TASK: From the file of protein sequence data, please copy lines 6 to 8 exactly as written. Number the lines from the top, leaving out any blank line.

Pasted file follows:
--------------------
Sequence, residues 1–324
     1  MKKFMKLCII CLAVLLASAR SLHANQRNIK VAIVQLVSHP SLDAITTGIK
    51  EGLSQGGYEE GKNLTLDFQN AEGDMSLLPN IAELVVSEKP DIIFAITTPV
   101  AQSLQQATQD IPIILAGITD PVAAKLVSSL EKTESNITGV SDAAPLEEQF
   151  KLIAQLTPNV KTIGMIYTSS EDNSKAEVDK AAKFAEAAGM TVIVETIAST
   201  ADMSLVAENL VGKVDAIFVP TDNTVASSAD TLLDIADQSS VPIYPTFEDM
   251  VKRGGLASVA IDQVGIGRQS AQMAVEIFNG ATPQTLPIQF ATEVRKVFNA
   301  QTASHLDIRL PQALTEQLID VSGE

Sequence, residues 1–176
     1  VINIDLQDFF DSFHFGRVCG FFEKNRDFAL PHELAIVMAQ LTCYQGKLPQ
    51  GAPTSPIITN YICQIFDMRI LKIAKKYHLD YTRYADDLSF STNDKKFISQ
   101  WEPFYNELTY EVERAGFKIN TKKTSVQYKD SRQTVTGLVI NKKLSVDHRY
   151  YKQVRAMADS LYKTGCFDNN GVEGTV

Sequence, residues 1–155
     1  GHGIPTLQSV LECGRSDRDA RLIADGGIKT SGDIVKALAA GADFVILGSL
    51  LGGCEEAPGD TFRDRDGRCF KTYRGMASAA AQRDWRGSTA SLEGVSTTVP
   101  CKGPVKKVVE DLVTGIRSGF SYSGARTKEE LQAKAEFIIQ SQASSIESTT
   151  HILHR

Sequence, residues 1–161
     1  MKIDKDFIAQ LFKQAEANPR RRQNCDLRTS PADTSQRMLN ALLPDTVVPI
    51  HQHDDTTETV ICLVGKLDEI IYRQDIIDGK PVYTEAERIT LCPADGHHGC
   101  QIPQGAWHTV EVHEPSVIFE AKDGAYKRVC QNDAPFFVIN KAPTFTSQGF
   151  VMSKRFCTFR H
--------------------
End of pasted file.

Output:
   201  ADMSLVAENL VGKVDAIFVP TDNTVASSAD TLLDIADQSS VPIYPTFEDM
   251  VKRGGLASVA IDQVGIGRQS AQMAVEIFNG ATPQTLPIQF ATEVRKVFNA
   301  QTASHLDIRL PQALTEQLID VSGE